Free Exercise Clause

In 1990’s Employment Division v. Smith, the Supreme Court, in a majority opinion by Scalia, held that the free exercise clause cannot be used to challenge a neutral law of general applicability. In other words, so long as a law is neutral in that it is not motivated by a desire to interfere with religion and so long as it applies to everyone, the free exercise clause cannot be used to challenge it no matter how much it burdens religion. In Employment Division v. Smith, the court ruled against Native Americans who were challenging an Oregon law that prohibited the use of peyote, something that they said was required in their religious rituals. The court ruled against the Native Americans by concluding that the Oregon law was neutral and of general applicability.

But now, there well may be a majority on the Supreme Court willing to overrule Employment Division v. Smith and provide more constitutional protection for free exercise claims. This year, in Kennedy v. Bremerton School District, the Supreme Court denied certiorari in a case brought by a football coach who had been fired for kneeling and praying on the field. Alito wrote an opinion respecting the denial of certiorari, joined by Thomas, Gorsuch and Kavanaugh. Alito said that the coach still has live claims, not presented in the petition for certiorari, under the free exercise clause and under Title VII, for employment discrimination based on religion.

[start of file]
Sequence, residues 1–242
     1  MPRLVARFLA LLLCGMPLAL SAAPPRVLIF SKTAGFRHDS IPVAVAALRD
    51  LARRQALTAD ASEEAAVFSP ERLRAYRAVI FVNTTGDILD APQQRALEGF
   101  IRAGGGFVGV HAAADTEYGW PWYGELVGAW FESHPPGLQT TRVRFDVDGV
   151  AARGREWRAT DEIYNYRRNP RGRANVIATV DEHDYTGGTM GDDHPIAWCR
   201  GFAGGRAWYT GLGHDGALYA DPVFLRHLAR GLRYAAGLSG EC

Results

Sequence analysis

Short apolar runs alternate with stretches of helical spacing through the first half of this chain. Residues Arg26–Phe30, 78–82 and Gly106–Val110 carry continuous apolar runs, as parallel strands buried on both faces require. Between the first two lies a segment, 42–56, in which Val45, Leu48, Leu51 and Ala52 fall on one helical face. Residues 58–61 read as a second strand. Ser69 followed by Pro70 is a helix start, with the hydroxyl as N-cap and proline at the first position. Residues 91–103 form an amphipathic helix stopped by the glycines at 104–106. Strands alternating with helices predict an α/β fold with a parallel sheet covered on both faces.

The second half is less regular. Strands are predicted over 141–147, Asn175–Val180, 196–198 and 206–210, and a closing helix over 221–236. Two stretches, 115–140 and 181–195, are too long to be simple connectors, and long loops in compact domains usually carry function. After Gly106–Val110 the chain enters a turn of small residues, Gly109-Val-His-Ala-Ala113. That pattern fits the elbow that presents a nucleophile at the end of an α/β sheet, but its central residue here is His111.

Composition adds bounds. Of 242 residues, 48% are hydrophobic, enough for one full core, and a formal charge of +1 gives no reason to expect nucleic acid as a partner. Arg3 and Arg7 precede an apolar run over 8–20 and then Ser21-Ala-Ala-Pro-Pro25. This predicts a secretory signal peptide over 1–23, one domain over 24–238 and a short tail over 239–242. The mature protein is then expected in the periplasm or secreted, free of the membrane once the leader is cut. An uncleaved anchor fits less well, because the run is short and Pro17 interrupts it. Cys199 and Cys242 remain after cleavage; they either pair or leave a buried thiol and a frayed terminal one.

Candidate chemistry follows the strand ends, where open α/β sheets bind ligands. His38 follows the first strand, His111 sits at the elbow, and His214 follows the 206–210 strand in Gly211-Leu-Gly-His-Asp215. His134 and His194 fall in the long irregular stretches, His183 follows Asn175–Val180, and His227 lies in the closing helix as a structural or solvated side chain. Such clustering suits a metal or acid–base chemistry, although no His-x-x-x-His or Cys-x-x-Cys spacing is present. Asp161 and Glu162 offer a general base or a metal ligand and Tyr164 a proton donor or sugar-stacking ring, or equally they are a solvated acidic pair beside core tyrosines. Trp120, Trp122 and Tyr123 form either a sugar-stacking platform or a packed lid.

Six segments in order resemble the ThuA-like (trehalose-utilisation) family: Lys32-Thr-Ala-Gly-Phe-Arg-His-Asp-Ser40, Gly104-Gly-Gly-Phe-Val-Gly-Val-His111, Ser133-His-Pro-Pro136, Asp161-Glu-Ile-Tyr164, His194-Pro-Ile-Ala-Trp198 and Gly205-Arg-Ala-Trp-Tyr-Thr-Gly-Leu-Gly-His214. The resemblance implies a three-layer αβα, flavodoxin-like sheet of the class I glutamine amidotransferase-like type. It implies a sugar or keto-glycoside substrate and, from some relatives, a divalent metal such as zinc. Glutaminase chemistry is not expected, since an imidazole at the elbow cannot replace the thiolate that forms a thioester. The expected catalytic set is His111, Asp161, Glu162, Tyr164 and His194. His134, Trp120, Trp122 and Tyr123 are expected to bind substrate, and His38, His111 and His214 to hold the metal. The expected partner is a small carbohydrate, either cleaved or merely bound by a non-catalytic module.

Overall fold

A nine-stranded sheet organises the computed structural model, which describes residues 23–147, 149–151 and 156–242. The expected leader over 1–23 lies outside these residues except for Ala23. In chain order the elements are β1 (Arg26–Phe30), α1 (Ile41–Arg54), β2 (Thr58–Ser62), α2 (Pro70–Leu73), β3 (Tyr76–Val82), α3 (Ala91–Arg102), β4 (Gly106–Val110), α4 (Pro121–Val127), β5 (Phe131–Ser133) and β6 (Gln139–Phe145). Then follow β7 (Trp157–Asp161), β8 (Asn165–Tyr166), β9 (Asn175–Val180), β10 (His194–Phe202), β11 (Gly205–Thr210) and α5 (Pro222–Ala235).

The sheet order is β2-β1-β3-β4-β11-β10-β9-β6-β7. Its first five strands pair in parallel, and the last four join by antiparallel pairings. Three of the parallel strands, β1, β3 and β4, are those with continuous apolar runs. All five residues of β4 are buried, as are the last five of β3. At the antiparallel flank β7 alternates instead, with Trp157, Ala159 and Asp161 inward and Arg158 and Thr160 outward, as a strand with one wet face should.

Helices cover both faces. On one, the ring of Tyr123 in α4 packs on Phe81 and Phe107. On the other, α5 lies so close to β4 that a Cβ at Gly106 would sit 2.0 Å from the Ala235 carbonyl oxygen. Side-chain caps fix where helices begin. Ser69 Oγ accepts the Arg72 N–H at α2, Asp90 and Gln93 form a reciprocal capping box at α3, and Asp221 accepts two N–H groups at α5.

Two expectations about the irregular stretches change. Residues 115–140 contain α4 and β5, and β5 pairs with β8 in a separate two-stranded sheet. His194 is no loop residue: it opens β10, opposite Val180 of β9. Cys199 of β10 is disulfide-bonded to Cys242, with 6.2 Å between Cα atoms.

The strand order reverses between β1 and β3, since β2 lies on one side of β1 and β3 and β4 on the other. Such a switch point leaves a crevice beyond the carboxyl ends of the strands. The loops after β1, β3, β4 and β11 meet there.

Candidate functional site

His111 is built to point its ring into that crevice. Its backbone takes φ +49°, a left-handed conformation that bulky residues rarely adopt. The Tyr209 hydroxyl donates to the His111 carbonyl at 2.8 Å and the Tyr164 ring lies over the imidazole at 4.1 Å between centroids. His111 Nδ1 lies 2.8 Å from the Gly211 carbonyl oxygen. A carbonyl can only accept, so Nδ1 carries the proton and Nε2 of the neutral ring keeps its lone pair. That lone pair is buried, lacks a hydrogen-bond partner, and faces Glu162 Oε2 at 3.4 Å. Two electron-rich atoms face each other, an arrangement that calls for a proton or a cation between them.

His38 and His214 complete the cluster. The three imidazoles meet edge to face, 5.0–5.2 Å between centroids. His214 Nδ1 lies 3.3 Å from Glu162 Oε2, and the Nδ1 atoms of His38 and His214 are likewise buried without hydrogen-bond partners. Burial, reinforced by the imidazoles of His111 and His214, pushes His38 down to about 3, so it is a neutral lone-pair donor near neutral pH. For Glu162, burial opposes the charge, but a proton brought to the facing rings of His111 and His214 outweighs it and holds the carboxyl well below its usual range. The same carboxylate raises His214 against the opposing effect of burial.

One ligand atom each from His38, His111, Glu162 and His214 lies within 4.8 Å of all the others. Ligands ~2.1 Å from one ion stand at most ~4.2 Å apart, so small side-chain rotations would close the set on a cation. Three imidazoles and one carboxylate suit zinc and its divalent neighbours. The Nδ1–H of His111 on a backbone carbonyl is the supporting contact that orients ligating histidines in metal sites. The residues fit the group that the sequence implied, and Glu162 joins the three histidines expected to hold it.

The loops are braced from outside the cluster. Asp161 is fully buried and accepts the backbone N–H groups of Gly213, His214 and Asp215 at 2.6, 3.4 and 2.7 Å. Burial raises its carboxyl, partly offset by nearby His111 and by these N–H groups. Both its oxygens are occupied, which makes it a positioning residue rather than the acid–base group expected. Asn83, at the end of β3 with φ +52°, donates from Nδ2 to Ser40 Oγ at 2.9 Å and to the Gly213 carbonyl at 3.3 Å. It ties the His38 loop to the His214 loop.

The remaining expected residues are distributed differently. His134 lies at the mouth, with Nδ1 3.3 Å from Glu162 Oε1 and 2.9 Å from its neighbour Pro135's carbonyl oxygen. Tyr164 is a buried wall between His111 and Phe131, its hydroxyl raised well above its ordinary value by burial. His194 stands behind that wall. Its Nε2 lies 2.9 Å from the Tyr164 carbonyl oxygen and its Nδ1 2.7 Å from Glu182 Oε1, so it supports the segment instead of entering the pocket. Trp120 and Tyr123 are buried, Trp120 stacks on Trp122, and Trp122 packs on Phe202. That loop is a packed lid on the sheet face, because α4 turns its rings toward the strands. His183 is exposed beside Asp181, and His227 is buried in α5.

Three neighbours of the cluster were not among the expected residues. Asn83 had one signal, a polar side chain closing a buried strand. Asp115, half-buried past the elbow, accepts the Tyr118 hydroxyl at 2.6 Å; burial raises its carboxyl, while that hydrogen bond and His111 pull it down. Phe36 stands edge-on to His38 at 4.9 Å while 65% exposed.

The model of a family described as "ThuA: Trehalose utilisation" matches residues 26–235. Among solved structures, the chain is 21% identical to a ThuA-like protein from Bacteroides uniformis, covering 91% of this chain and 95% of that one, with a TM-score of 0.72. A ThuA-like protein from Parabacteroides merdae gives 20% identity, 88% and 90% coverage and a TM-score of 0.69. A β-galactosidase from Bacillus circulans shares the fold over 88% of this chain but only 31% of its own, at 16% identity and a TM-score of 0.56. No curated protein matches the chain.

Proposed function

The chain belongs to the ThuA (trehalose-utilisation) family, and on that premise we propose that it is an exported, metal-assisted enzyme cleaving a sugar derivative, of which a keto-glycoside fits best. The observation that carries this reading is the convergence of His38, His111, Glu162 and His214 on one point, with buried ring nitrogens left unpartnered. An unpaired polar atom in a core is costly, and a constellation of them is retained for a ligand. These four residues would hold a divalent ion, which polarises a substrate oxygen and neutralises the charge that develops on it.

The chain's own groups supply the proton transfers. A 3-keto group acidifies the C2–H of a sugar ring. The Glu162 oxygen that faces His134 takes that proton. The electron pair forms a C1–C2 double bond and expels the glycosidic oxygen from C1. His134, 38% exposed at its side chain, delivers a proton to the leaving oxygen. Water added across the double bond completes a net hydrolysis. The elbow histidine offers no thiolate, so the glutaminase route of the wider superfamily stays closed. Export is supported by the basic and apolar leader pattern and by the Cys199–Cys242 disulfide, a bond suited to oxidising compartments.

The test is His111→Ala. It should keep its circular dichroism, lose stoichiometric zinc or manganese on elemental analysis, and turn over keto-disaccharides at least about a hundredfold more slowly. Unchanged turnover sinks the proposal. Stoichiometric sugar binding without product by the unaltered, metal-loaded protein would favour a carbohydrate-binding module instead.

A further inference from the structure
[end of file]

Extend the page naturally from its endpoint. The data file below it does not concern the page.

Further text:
Alito concluded his opinion: “In Employment Div., Dept. of Human Resources of Ore. v. Smith (1990), the Court drastically cut back on the protection provided by the Free Exercise Clause, and in Trans World Airlines, Inc. v. Hardison (1977), the Court opined that Title VII’s prohibition of discrimination on the basis of religion does not require an employer to make any accommodation that imposes more than a de minimis burden. In this case, however, we have not been asked to revisit those decisions.” I predict that these four justices – and perhaps Chief Justice John Roberts – want to reconsider and overrule Employment Division v. Smith.

It also is notable that in both of the free exercise cases decided since Gorsuch joined the Supreme Court, 2017’s Trinity Lutheran Church of Columbia Inc. v. Comer and 2018’s Masterpiece Cakeshop v. Colorado Civil Rights Commission, Gorsuch joined Thomas to take the most conservative position among the justices.